Animal Rights

Activist Group Uses Olympic Medalists to Push Vegan Diet in Schools

| by Consumer Freedom

The vegan activists masquerading as a respectable doctors group at the Physicians Committee for Responsible Medicine (PCRM) are going full bore with a campaign to expel meat and dairy foods from schools. But in recruiting Olympic athletes to support its fringe diet advice, PCRM isn’t winning any medals. In a new press release, PCRM reprints letters it likely coached several Olympic gold medalists to write to Congress. The excerpts include the following:

“I always try to set a positive example for young people,” writes Hope Solo, who led the U.S. women’s soccer team to a gold medal victory in the 2008 Summer Olympics in Beijing. “I’ve noticed a major factor affecting children’s health is the food they’re putting into their bodies. We need to make sure children grow up with eating habits and lifestyles to keep them healthy.”

And:

“I started competing in gymnastics when I was only 6, so I know how important healthful food is to children’s energy levels and development,” writes Nastia Liukin, the 2008 all-around Olympic champion and winner of five Olympic medals. “If we don’t give students the opportunity to try delicious, healthy foods now, the obesity epidemic is not likely to subside anytime soon.”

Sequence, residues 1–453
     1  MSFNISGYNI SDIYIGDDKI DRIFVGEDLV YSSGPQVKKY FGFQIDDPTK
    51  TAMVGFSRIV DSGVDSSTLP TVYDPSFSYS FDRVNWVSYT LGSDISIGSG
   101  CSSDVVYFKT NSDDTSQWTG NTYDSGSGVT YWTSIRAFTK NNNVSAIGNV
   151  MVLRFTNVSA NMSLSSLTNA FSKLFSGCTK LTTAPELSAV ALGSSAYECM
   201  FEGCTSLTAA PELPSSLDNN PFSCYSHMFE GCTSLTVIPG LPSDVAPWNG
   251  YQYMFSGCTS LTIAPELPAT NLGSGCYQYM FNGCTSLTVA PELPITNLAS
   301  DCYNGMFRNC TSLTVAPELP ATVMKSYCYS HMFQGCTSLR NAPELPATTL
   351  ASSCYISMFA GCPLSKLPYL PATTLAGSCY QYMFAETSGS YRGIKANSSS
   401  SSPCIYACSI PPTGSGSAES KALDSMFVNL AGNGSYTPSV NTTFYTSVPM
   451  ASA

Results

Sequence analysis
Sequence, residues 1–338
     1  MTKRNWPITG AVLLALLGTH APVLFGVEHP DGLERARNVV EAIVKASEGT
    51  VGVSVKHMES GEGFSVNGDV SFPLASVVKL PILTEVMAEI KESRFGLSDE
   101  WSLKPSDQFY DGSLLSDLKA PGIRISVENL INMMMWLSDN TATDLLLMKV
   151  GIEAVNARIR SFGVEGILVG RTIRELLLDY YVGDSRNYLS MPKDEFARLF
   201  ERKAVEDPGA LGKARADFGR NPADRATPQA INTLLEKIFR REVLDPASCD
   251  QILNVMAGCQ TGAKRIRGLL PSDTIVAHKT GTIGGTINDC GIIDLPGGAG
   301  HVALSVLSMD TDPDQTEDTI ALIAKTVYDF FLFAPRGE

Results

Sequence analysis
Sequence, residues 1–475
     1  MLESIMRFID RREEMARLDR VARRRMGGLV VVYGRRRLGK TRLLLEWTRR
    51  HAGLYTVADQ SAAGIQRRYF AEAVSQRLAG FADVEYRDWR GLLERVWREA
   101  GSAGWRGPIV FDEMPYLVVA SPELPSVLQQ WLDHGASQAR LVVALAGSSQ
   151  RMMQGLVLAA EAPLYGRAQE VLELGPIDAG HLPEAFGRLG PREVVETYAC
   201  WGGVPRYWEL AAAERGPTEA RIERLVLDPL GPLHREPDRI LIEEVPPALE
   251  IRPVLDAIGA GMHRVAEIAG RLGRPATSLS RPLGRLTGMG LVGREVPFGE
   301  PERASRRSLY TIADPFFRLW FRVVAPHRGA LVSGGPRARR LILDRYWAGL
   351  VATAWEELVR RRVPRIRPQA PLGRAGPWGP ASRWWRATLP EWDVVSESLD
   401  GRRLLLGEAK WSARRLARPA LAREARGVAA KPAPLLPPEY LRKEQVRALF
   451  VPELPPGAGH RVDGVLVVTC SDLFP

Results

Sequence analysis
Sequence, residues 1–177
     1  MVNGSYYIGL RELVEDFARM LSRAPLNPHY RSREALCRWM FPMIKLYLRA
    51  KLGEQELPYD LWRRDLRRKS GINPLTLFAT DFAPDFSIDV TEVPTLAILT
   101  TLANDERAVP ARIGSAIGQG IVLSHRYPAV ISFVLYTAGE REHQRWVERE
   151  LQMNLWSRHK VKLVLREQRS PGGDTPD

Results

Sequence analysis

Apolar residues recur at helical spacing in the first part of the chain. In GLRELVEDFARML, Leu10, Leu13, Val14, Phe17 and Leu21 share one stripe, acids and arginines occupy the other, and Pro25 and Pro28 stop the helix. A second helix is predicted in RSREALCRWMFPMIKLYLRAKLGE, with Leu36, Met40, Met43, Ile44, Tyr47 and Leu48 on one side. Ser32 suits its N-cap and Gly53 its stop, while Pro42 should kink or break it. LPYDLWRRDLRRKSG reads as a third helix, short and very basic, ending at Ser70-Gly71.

Popular Video

This judge looked an inmate square in the eyes and did something that left the entire courtroom in tears:

Who could disagree? But these athletes may not understand that PCRM’s interpretation of the word “healthy” means nothing but tofu, veggies, and soy milk.

Hope Solo’s profile on USSoccer.com reveals that her “favorite food is Mexican, especially her mom’s tacos.” And Nastia Liukin’s own website proclaims: “Nastia does not follow any specific diet. She eats whatever she likes but by choice she generally prefers to eat healthy foods. Her favorite food is Sushi.”

Is it hypocritical for these two to aid an effort to vegan-ize school lunches? Their own training tables prominently feature plenty of food that PCRM considers strictly off-limits. It may just be that their publicists have been fooled.

Olympic athletes could do far more good (and make a lot more sense) by supporting initiatives to promote physical education in schools. That’s the real culprit behind childhood obesity, not whether kids drink faux milk or the real thing. And as for PCRM? It’s high time the animal rights group stopped peddling its (literal) phony baloney.